Put Your Feet First
Don’t neglect your feet when choosing safety footwear.
- By Sandy Longarzo
- Sep 01, 2019
Safety boots have come a long way in the last few years, and the availability of choices in safety footwear is staggering. Safety boots can vary widely in quality and features. When considering safety footwear, certainly you want to consider the level of protection your boots are going to provide given your work environment, but you also want to take into consideration the features they offer with regard to comfort and overall foot health.
Let’s face it, when you’re on the job, and potentially on your feet for hours at a time, you don’t want to be distracted by your feet. So, what do you want to consider when choosing safety footwear?
Certainly, one of the first things you want to look for is a boot that is certified to ASTM F2413 for toe protection. Back in the day, there was ANSI Z41, but ASTM F2413 superseded that standard back in 2005. Most modern-day shoes are now certified to the ASTM standard. The most current edition is the ASTM F2413-2018 edition (meaning the edition was revised in 2018), replacing ASTM F2413-2011 edition. Since it takes a bit of time for manufacturers to go through a third-party certification process, especially when a new version of a standard comes out, boots certified to the new 2018 edition will just be hitting the market.
Boots can be certified just for the basic impact (I) and compression (C) for the toe caps, or manufacturers can choose to get additional optional certifications as well. Optional add on certifications are metatarsal protection (Mt), Conductive protection (Cd), Electrical hazard protection (EH), Static Dissipative protection (SD) and Puncture resistance (PR). All certified boots will have a combination of these abbreviations on the inside label of the boot, depending on what it is certified for.
Take into consideration what you need for working at your particular job, such as the need for electrical hazard protection or puncture resistance in the sole. Bear in mind that electrical hazard protection and static dissipative features are mutually exclusive. A boot can only be one or the other, but not both. Think of it this way, one helps to prevent electricity from coming into the body (EH), the other helps to prevent you from emitting static electricity (SD). Boots that are certified conductive (Cd) are similar to static dissipative boots; conductive boots just “conduct” the static electricity faster and more completely than static dissipative boots. Also be aware that in the case of EH rated boots, they are not meant to be the primary source of protection, but only a secondary source of protection.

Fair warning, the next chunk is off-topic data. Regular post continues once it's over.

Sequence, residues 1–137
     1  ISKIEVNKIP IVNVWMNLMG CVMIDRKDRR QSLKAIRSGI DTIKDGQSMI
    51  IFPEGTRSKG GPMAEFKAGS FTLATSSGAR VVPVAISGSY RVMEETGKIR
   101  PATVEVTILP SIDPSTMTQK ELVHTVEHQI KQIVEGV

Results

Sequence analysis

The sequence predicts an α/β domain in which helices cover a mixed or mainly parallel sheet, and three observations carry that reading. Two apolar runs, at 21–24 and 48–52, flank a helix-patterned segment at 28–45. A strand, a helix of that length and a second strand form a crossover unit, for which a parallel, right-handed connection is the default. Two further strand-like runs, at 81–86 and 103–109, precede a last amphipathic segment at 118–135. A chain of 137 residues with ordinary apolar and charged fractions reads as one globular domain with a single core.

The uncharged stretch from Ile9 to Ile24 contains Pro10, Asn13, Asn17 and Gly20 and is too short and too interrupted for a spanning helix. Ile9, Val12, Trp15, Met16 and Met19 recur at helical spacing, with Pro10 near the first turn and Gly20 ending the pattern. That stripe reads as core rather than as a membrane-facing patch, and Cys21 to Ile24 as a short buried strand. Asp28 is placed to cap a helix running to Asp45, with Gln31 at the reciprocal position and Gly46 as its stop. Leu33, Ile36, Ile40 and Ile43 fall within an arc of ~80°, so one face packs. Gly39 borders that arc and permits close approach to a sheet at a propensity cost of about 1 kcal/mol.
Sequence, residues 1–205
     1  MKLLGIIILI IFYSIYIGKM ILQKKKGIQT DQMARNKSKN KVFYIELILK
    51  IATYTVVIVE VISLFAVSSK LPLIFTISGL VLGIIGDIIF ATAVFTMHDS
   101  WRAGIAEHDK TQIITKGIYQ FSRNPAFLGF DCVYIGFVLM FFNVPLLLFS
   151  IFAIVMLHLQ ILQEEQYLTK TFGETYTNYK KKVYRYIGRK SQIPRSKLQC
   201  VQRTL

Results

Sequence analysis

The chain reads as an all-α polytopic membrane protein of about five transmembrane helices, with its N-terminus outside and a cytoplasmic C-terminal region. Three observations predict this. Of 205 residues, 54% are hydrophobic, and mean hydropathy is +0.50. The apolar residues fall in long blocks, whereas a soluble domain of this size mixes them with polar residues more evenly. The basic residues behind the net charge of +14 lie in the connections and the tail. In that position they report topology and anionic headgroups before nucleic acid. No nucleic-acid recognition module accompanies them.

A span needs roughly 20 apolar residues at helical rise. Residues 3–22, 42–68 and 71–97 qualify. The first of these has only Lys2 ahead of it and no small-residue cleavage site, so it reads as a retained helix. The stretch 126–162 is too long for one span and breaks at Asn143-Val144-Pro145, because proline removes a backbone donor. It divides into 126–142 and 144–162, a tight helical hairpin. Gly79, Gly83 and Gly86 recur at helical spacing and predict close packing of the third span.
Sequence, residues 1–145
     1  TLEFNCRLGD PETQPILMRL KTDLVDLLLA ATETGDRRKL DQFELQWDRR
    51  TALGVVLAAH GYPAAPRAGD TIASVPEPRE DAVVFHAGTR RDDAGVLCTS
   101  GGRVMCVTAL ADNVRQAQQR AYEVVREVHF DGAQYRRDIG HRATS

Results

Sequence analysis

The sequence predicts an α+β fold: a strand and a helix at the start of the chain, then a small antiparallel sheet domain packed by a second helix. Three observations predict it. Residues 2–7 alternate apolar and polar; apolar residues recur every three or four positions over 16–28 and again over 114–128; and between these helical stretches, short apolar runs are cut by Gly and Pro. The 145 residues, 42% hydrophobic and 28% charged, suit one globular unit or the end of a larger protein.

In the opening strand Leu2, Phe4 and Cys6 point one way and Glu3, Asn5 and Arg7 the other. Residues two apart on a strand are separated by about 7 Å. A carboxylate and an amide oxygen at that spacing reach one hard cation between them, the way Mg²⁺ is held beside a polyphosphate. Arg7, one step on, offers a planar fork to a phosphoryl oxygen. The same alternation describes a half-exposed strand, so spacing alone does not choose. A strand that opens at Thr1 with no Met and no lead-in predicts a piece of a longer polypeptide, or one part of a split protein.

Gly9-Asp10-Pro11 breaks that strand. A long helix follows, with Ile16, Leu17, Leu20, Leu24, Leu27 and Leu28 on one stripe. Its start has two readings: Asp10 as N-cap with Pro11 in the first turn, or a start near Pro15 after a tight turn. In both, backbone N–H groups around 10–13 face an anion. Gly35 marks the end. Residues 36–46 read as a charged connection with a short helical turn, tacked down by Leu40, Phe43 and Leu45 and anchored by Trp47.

Alignment and Support
Besides looking for footwear that is certified to the safety standard, other factors should come into play when deciding on your footwear because your feet are the foundation on which your body rests. The muscle chains that hold our body upright and permit us to stand, run, carry heavy objects and much more, all have their origins in the feet. The foot contains 26 different bones. The shape of these, and the muscle and ligaments to which they are attached, are precisely aligned so that you can withstand the stresses of everyday life without any issues.
Did you know that during the course of an average lifetime, your feet will transport you a distance equivalent to going around the world up to four times? That’s a lot of work for your feet, especially while having to carry the weight of your body. And if you pick incorrect footwear, you can place additional burdens on to your feet.
The foot and the boot must form a functional unit. The main tasks of the boot are to not only provide protection from work hazards, but also provide any support necessary to meet the specific demands placed on it without affecting the foot’s bio-mechanical properties. For example, having adequate cushioning and shock absorption, keeping the foot aligned in the correct position for muscle balance, and to prevent malpositions of the feet.